Does Shift Work Cause More Workplace Accidents?

Shift work is when employees work continuous shifts. Often, it includes working the night shift. Studies show that working at night repeatedly, even if it is a person’s regular routine, can be harmful to the body. When an employee’s body is continually under stress, this can eventually lead to reduction in work performance and an increase in accidents. The Occupational Safety and Health Administration (OSHA) reports that accidents and work injuries are 30 percent more likely during the overnight hours.

Physical Problems Linked to Shift Work

About 15 million American employees work night shifts. Additionally, studies show that workers who regularly work night shifts are almost 30 percent more likely to be overweight than those who work rotating shifts. Also, female night shift workers are almost 20 percent more likely to develop breast, skin or gastrointestinal cancer than other women. Other problems that have been linked to shift work include:

  • Heart disease
  • Musculoskeletal disorders
  • Depression
  • Poor eating habits
  • Worsening of chronic diseases

Shift work is common in the following work sectors:

  • Construction
  • Oil
  • Health care
  • Emergency
  • Hospitality

How Does Sleep Deprivation Impact Work?

One of the most significant problems in night work is fatigue. Sleep deprivation can lead to the following issues:

  • Decreased motivation
  • Decreased attention and vigilance to safety procedures at work
  • Decreased alertness
  • Decreased reaction time

Shift workers are more susceptible to sleep deprivation since working at night and sleeping during the day disrupts the body’s circadian rhythm. Typically, the body is more prone to sleepiness between midnight and 8 a.m., which causes workers to be vulnerable to accidents during the overnight hours.

What Can Employers Do to Avoid Workplace Accidents Related to Shift Work?

Employers who have shift workers must be aware of these hazards. Employers can mitigate sleep disruption by making certain that the shifts are constant with breaks in between. Shifts should not be longer than eight hours. If a shift is longer than eight hours, a worker should have longer and more frequent breaks. Ensuring that workers have two days off in a row can help rejuvenate workers. If shifts are twelve hours, there should be numerous breaks, and workers are encouraged to move around during breaks.

Work accidents are more common during night shifts, so it is important that night shift workers remain vigilant. If an employee is hurt at work, they are entitled to workers’ compensation. A lawyer will be able to assist with benefits.

Chester County Workers’ Compensation Lawyers at Wusinich & Sweeney, LLC Help Injured Night Shift Workers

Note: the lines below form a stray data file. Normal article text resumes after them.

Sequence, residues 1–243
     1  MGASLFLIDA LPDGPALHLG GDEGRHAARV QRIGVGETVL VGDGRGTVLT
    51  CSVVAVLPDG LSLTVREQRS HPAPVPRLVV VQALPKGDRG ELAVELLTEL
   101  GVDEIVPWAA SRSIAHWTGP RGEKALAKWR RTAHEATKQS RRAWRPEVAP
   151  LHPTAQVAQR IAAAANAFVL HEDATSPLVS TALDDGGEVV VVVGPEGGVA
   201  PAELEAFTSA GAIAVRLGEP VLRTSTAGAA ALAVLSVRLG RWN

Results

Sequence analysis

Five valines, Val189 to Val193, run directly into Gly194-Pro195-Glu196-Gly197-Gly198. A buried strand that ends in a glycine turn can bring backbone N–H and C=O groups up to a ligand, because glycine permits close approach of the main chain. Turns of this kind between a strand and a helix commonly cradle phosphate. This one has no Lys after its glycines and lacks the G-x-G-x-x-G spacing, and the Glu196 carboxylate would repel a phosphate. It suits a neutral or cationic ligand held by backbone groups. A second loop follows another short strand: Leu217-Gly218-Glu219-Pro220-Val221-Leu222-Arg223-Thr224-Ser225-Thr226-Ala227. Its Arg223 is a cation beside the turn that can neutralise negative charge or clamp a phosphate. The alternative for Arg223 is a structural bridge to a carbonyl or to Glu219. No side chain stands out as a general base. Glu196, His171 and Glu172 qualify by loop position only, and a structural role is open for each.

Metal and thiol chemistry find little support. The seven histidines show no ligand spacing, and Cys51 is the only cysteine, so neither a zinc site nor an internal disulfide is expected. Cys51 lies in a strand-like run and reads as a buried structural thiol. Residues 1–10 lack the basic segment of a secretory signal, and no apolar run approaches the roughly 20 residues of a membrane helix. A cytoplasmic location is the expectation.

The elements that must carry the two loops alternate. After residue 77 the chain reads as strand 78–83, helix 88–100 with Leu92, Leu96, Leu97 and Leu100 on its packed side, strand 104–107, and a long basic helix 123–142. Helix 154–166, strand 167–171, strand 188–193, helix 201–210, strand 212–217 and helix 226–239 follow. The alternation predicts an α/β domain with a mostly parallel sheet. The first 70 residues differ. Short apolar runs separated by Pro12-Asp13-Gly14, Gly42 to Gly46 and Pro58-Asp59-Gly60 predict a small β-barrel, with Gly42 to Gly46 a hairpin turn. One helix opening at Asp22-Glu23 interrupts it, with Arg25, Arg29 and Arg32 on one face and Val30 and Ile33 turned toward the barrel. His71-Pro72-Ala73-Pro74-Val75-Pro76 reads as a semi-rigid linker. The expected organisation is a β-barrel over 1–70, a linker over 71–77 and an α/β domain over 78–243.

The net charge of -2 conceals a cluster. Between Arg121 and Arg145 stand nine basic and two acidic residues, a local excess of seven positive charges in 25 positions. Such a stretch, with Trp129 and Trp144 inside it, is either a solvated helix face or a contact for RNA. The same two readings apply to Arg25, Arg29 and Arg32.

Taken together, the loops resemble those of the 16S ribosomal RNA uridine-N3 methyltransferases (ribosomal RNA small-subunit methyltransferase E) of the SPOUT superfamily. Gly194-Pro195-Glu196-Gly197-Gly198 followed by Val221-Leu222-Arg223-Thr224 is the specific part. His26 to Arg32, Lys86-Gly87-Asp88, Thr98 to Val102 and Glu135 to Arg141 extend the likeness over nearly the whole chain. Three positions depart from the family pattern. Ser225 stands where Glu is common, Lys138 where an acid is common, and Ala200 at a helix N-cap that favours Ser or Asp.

If you were hurt in a work accident, you may be entitled to workers’ compensation. Our Chester County worker’s compensation lawyers at Wusinich & Sweeney, LLC understand the dangers of night work, and we will help you get compensation for injuries. Contact us online or call us at 610-594-1600 for a free consultation. Located in Exton, Pennsylvania, we serve clients throughout Downingtown, West Chester, Exton, Coatesville, Phoenixville, Malvern, Lyndell, Wagontown, Uwchlan Township, Parkesburg, Chester Springs, Lancaster County, Reading, and Morgantown.

A Message to Our Customers About Coronavirus COVID-19:


Since Governor Wolf’s Order changing Chester County to green status, Wusinich & Sweeney, LLC is open for business. We are making every endeavor to keep our clients safe. If you would like to interact mainly by remote means, we can facilitate your request. Also, we have modified our office pursuant to the below COVID-19 safety plan to keep our clients as safe as possible.



  1. Check all people’s temperatures upon entrance. Deny entrance to anyone with a fever. Inform visitors that we regret that the law requires us to deny entry to people with fevers or other symptoms, and the firm will schedule a telephone or video visit promptly.
  2. Any persons with symptoms (fever, coughing) should stay home.
  3. Stagger work/meeting times to minimize number of persons in the office at once.
  4. All employees and visitors must wear masks except when office is empty or when sitting at own desk.
  5. Make soap and water and hand sanitizer available for all.
  6. All employees and visitors must maintain social distancing while in building.
  7. Use plastic sneeze guards at front desk and in conference room.
    1. Close off areas visited by infected person.
    2. Open outside doors and windows and use fans, if possible, to circulate air.
    3. Wait 24 hours or as long as practical and then clean and sanitize all affected areas.
    4. Identify people who were in close contact (within six feet for more than ten minutes) and follow CDC guidelines.